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North Country state lawmakers scoff at raises

February 1, 2012
By CHRIS MORRIS - Staff Writer (cmorris@adirondackdailyenterprise.com) , Adirondack Daily Enterprise

The three state lawmakers from the Tri-Lakes region say the idea of increasing pay for Legislature members is laughable.

Assembly Speaker Sheldon Silver floated the idea last week. He noted that members of both the Senate and Assembly haven't received a pay increase since 1999. Each lawmaker gets a base salary of $79,500, although some receive additional stipends for leadership posts.

Assemblywoman Janet Duprey, R-Peru, laughed when the Enterprise asked if she would support raises for lawmakers.

"Talk about timing being wrong," she said. "I absolutely do not believe there should be a pay raise at this time. The governor just received concessions from CSEA (Civil Service Employees Association) and PEF (Public Employees Federation) workers and other unions, and some of them aren't finalized yet, but we're not giving any raises for years. It's certainly not the time to step in and say we're going to give legislators a raise."

But Duprey did defend lawmakers from criticism that they only work when they're in session. She said most of her colleagues put in countless hours in their home districts, meeting with community leaders, attending events and talking to constituents.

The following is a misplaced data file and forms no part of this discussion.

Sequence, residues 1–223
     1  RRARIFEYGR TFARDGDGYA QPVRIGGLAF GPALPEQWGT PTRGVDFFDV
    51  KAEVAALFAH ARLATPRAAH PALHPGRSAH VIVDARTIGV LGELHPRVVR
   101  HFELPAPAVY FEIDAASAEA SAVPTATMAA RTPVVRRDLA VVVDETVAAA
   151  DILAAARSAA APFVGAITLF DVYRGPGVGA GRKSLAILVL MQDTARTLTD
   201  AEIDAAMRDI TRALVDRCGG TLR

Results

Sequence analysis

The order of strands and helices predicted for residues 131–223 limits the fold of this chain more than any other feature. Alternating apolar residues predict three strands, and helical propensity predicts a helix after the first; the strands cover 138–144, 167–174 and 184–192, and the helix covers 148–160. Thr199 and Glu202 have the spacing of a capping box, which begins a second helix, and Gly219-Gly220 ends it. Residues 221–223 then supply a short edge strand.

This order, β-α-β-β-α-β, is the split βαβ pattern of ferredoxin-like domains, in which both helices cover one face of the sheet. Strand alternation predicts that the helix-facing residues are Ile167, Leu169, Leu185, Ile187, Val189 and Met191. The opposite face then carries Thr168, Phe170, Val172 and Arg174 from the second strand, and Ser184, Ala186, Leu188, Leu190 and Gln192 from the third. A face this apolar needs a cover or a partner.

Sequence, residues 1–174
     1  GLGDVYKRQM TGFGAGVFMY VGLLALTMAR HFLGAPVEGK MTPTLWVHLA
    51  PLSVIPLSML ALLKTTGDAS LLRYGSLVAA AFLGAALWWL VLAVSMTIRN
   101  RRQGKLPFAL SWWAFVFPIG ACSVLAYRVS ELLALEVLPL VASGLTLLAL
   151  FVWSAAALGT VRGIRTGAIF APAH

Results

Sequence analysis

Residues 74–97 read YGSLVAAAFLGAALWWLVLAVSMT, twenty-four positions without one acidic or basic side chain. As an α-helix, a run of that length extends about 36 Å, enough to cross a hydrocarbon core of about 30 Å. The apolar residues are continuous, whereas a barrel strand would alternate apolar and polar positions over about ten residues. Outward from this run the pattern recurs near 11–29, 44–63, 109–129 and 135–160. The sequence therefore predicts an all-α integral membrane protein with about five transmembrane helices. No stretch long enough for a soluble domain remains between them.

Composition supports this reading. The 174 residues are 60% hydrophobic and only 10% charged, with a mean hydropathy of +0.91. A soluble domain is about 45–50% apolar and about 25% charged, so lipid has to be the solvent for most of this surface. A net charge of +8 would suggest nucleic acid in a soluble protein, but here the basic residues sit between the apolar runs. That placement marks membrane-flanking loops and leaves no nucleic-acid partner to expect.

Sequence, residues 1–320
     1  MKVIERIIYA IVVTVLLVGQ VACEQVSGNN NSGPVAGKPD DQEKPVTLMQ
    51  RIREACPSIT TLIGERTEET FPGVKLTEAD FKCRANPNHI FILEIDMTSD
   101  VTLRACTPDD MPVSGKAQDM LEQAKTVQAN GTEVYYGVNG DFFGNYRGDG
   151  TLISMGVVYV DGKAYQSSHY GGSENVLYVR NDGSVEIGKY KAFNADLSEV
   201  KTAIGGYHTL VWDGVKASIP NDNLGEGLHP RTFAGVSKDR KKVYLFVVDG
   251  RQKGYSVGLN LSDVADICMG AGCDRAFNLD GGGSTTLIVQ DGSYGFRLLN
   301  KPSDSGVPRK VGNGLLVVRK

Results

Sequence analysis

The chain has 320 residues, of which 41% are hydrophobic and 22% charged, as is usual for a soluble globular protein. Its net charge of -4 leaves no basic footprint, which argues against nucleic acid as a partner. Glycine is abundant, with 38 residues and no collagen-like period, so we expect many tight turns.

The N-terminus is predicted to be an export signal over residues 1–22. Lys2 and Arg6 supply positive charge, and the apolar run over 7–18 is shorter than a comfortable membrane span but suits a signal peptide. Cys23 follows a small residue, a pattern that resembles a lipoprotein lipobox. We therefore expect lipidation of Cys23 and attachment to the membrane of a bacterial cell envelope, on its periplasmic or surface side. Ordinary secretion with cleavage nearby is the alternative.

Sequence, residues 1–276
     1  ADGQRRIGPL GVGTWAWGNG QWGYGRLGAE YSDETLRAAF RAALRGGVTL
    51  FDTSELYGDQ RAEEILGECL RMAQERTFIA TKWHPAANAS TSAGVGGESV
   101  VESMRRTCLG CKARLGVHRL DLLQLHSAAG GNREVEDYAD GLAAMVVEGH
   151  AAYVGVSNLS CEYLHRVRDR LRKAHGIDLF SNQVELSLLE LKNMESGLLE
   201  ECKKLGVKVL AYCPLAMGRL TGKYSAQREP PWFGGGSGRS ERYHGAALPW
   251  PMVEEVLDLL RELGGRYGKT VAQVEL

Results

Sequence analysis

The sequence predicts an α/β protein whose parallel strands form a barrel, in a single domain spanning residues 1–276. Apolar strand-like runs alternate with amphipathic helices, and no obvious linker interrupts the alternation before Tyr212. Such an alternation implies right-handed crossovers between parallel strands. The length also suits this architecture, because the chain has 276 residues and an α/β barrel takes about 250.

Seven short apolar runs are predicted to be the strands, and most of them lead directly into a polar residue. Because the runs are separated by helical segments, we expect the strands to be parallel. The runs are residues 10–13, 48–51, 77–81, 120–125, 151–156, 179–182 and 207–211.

Duprey said that for close to 50 percent of Assembly members, their job in Albany is full-time.

"I didn't run because of the salary," she added.

Assemblywoman Teresa Sayward also scoffed at the notion of raising pay for the Legislature. The Republican from Willsboro said the stipend is enough for lawmakers from rural districts, although it might fall short for those that live in metropolitan areas. She said $79,000 for a lawmaker in Manhattan, with a family to support, is practically bare bones.

"But quite frankly, set that all aside, I don't think we've earned it," Sayward said. "Until last year and this year, I don't feel like we have really been doing what needs to be done to get New York back on track. I think that the general public wouldn't think that a year-and-a-half constitutes enough good faith effort that we should have a raise. I would vote against it."

State Sen. Betty Little does not support raises either, according to her spokesman Dan Mac Entee.

Gov. Andrew Cuomo has indicated he wouldn't support raises now but believes they need to be addressed in the years to come.

 
 

 

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